Like any good Mennonite following an Anabaptist tradition, whenever I have doubts as to my decisions as a mother, I just ask myself: What would Anneke Jans Do (WWAJD)?
As I have mentioned elsewhere, when Mennonites look for role models, we typically skip past several centuries and settle in on sixteenth-century Europe as the proper time and place for the discovery of heroes.
As this period is commonly understood to be before the era of modern motherhood, it isn’t easy for a devout mother in the Anabaptist tradition to find someone who embodies everything that we like to think of as Anabaptist mothering. These were the days of martyrdom and wonder, after all, not so much the days of snack time and diapers.
Lots of Anabaptist women were sent to their deaths in the sixteenth century and a fair number of them were mothers of small children at the time. As far as I can make out from my cursory survey of the historical Internet, the fate of the children varied by region, year and the whim of the particular persecutors.
- Sometimes the spouse or other kindred took the kids.
- Sometimes they were fostered into non-heretical families.
- Sometimes they were abandoned to the street.
It was presumably this last option that Anneke Jan’s feared as she was led off, babe in arms, to her martyrdom in 1539.
Anneke was traveling when she was apprehended and had no babysitters at hand to mind her child while she took care of the business of martyrdom. Well, she actually had another woman with her but as that woman was also an Anabaptist and was also arrested, she was not a particularly reliable childminder. Which meant that Anneke carried the toddler with her as the crowd ushered her off to the place of execution.
Troubled by this loose end, Anneke stopped part way and addressed the crowd, offering up her wealth to anyone who would take and raise her child. A wealthy woman, she had apparently liquidated her assets and so passed on her estate along with a letter for her son right then and there to the baker who stepped forward and relieved her of the little boy. This taken care of, Anneke then went forth to the place of her drowning in a state of virtuous readiness.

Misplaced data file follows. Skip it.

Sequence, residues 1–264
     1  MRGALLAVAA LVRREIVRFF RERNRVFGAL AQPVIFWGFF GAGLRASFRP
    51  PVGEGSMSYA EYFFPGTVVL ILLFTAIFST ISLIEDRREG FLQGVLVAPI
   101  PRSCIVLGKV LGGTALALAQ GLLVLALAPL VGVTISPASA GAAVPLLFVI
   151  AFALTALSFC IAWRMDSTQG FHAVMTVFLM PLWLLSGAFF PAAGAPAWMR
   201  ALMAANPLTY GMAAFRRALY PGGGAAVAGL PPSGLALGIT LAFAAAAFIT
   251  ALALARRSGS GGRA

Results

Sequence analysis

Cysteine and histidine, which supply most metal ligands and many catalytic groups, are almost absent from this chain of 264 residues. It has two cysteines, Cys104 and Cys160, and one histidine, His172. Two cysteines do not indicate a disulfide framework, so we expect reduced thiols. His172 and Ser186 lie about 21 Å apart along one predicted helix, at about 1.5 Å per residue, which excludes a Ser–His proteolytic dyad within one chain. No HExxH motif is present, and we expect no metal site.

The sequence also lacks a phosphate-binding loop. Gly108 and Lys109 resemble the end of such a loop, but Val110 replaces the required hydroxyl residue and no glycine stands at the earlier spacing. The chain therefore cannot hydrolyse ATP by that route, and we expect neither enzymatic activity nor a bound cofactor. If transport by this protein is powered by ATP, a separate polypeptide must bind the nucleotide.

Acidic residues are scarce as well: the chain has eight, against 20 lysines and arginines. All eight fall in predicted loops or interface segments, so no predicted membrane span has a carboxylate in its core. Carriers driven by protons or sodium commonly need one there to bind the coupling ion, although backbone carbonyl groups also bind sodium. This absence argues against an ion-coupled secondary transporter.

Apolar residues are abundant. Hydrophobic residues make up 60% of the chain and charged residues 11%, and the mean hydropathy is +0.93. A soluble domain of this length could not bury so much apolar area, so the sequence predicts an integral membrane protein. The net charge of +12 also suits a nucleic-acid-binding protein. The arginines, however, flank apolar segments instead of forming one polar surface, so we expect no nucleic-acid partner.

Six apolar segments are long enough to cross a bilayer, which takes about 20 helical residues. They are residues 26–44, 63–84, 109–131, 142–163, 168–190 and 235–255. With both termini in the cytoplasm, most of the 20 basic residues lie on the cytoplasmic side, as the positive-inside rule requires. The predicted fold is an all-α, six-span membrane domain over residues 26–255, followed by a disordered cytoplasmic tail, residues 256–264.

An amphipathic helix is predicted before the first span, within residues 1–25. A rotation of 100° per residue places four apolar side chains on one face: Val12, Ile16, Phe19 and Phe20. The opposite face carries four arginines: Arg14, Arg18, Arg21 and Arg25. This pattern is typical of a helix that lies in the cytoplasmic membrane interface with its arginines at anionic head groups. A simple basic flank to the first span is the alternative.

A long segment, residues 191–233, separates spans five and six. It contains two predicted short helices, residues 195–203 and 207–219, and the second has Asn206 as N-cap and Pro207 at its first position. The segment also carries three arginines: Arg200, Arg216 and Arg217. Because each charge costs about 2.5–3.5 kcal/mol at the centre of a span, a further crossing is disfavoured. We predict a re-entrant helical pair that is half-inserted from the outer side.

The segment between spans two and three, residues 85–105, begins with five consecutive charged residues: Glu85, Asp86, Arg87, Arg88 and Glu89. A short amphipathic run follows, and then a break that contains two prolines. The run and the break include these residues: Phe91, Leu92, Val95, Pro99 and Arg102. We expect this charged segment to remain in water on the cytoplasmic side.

The story doesn’t end there. The martyrdom accounts tell that the fellow who denounced Anna was killed by the collapse of a bridge while en route to watch her execution. The good baker, on the other hand, was blessed with prosperity for the rest of his life and the boy grew up to become a brewer and burgomaster of the town. As if by Divine Will.
It is a strange happy ending for a woman whose earlier writings demonstrate an impassioned longing for martyrdom and who wrote to her son the night before her drowning exhorting him to avoid the ways of the world. Had she lived, I can’t imagine her encouraging her son’s interest in the affairs of the state, or being happy that he embraced the faith of the majority.
All the same, Anneke’s is a well-loved story – a maternity parable tugging at heart strings that reach across the centuries. It’s not half as well-known as the Dirk Willems story but that’s not the fault of her admirers and detractors who have done their best to keep her story alive. Some of these writers even reference her songs and letters that are not in any way related to her role as a mother.
Not me, though.
This is a Mother’s Day post and so I am steadfastly ignoring Anneke’s revolutionary, eschatological and spiritualist preoccupations. Instead, I present here five lessons from Anneke’s story for mothers in the Anabaptist tradition.
Have child; will travel
No need for “Kid-Friendly” hotels and restaurants. Have a business or religious trip? Bring the kid.
Some things are just not appropriate for toddlers’ eyes.
Like, for instance, their mothers’ drowning. Best to have the child taken away before it comes to the end.
You can write your kids a letter but you can’t make them agree with you
This is particularly true if you tell your child to be counter cultural but don’t stay alive long enough to really model it.
Child care can be expensive and hard to find
If possible, always carry enough cash to hire a last minute babysitter/adoptive parent should you suddenly run into religious persecution.
If you’re really virtuous and blessed, your child might grow up to be a brewer.
Or maybe a distiller.
The Anneke Jans
Anneke suffered for her faith; the suffering bastard cocktail was created for people who suffered from too much drink. This is a variation, using grenadine to represent the blood of the godless in which we will wash our feet in the end times (as immortalized in Anneke’s Trumpet Song).
- 1 oz gin
- 1 oz brandy
- 1/2 oz lime juice
- 1/2 oz grenadine
- 2 oz tonic water
Shake the gin, brandy, lime and grenadine with ice. Strain into a short glass and top with tonic water and a couple of dashes of angostura bitters. Stir gently, garnish and serve. And of course, as you drink this cocktail, think of the Anabaptist mothers of yore whose mothering practices were a bit different from ours, and a bit the same.